Technology is becoming more and more integrated into our daily lives and undoubtedly companies are seeking related IP protection. It was recently reported that Coupons.com has released its KitchMe app, which works in conjunction with Google Glass. Now, cooks can be sent shopping lists and recipes with step-by-step instructions by merely looking at available ingredients in their kitchens. Technology is certainly converging with our everyday lives. Here’s another head spinner. Yesterday, it was reported that during a press conference, David Marcus, President of PayPal, discussed the issues associated with trying to pay for things in space. As companies like Virgin and SpaceX are forging ahead to make space tourism a reality, companies are apparently thinking about how to pay for services rendered in space. Indeed, PayPal is allegedly developing “PayPal Galactic” as a vehicle to buy things while in outer space. It will be interesting to see how it tries to implement and protect this technology as there are no IP addresses in space. These advancements are truly amazing.
As I tell my kids, it doesn’t matter what everyone else on the playground is doing, if you get caught, there may be serious consequences for you. The FTC takes the same approach when reviewing substantiation for companies’ claims. It doesn’t matter what anyone else is advertising in the industry. The FTC will want to see what substantiation you have for your claims. Here are six issues that I commonly saw with studies relied upon by companies:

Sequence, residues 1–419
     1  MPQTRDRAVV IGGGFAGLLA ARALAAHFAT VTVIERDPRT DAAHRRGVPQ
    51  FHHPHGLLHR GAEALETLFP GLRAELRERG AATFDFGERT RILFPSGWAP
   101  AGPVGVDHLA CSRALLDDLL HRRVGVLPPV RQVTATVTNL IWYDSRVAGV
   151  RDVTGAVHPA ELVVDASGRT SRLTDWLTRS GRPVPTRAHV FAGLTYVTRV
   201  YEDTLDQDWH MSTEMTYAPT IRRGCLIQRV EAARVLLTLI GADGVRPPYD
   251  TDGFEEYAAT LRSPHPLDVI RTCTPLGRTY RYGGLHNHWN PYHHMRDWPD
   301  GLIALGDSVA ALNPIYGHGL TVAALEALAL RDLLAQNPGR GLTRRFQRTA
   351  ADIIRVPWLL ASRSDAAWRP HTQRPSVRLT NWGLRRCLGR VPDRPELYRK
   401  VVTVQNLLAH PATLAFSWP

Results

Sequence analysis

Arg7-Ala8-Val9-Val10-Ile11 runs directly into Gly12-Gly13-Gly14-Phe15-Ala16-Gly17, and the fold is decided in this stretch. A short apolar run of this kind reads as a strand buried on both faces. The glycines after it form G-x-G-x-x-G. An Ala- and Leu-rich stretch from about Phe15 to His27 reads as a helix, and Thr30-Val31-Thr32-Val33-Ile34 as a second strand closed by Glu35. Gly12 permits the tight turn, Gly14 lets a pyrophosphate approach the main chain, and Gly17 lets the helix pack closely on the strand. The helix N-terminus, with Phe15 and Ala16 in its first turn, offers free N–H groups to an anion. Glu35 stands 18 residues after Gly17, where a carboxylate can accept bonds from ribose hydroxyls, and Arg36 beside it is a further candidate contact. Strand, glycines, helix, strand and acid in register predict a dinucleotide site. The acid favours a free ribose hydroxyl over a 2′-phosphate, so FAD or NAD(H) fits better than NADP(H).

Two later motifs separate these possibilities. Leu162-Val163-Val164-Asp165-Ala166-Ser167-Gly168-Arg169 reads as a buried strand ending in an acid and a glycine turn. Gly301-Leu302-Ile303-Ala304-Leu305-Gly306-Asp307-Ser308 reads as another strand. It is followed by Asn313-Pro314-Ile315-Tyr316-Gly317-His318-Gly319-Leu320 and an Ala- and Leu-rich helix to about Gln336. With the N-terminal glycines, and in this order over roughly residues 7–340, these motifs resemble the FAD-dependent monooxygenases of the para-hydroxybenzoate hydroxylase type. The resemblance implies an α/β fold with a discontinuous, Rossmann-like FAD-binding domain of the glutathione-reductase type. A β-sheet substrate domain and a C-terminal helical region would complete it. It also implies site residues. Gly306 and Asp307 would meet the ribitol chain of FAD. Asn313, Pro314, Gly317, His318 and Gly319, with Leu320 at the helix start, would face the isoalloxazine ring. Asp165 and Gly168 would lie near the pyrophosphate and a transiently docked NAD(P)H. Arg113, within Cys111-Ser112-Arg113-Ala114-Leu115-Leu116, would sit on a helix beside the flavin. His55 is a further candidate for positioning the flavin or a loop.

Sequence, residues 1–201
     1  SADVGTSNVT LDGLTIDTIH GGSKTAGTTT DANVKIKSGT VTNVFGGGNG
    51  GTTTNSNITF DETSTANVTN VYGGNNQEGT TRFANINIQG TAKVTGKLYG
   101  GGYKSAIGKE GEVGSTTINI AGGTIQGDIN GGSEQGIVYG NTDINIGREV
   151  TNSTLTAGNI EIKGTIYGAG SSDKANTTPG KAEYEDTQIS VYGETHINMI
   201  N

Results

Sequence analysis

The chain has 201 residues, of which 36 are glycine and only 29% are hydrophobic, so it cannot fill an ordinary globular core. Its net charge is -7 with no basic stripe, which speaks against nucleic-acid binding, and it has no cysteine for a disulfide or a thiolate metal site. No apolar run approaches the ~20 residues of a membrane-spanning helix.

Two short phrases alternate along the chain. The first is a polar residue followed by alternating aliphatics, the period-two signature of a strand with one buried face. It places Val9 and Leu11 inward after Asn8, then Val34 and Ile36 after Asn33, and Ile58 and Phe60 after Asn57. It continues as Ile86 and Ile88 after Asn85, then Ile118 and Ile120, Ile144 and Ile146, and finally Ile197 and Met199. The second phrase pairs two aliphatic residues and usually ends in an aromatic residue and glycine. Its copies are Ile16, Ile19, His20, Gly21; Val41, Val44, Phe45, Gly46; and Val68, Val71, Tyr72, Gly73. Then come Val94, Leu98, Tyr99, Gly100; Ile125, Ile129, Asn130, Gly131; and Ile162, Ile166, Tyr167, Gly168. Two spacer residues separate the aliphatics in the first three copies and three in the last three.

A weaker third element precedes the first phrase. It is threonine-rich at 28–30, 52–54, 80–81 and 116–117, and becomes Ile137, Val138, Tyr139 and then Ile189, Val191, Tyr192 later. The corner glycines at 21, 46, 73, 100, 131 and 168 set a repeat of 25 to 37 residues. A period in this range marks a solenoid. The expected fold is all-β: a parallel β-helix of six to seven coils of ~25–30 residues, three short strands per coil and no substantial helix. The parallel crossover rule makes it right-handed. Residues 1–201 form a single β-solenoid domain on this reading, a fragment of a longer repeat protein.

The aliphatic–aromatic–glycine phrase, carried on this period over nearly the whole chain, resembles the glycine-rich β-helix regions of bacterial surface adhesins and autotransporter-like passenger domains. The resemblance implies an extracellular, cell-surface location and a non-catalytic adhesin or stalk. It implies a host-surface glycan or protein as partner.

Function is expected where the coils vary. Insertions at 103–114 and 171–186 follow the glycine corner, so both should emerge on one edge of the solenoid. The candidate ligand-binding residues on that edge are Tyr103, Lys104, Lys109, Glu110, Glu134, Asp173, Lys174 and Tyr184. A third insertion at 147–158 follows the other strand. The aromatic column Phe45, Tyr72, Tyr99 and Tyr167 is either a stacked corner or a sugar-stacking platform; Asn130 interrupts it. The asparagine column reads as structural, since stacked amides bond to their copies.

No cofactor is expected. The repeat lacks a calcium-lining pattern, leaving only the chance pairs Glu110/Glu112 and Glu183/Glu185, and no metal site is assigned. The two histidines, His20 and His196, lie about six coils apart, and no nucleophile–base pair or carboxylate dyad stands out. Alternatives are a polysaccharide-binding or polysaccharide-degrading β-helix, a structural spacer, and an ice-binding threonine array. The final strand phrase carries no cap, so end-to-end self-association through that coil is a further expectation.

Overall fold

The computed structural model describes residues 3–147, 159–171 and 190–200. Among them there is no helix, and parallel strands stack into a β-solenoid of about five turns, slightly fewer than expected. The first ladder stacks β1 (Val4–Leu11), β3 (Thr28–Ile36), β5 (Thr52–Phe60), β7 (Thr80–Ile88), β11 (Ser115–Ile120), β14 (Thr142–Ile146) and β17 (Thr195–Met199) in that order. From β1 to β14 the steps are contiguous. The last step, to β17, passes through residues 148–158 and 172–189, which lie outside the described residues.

- The study is on animals and not humans. It is difficult to convince regulators that results shown for mice necessarily translate to humans.
- The study is on humans, but does not involve the audience that the advertising targets. For example, the claims in the advertising pertain to ordinary people gaining muscle and the study shows an increase of muscle mass for burn victims, who inherently recover faster and achieve quicker results than ordinary individuals due to their pre-existing condition.
- The study is on the correct audience. However, the product-at-issue does not have anywhere close to the amount of the active ingredient in it as was used in the study. Sometimes the differences can be orders of magnitude.
- The study is not on your product, but just on an ingredient in your product. As many products also have other ingredients, it will not be uncommon for regulators to inquire about whether any beneficial results may be offset by any potentially negative effects of the other ingredients.
- The advertising promises instant results and the study involved weeks of use before any results were achieved. For example, the study is based on six weeks of use and the advertising promises “immediate” or “instant” results.
- The study does not follow generally accepted scientific protocols. For example, no control group or placebo was used in the study, thereby making the results inherently suspect.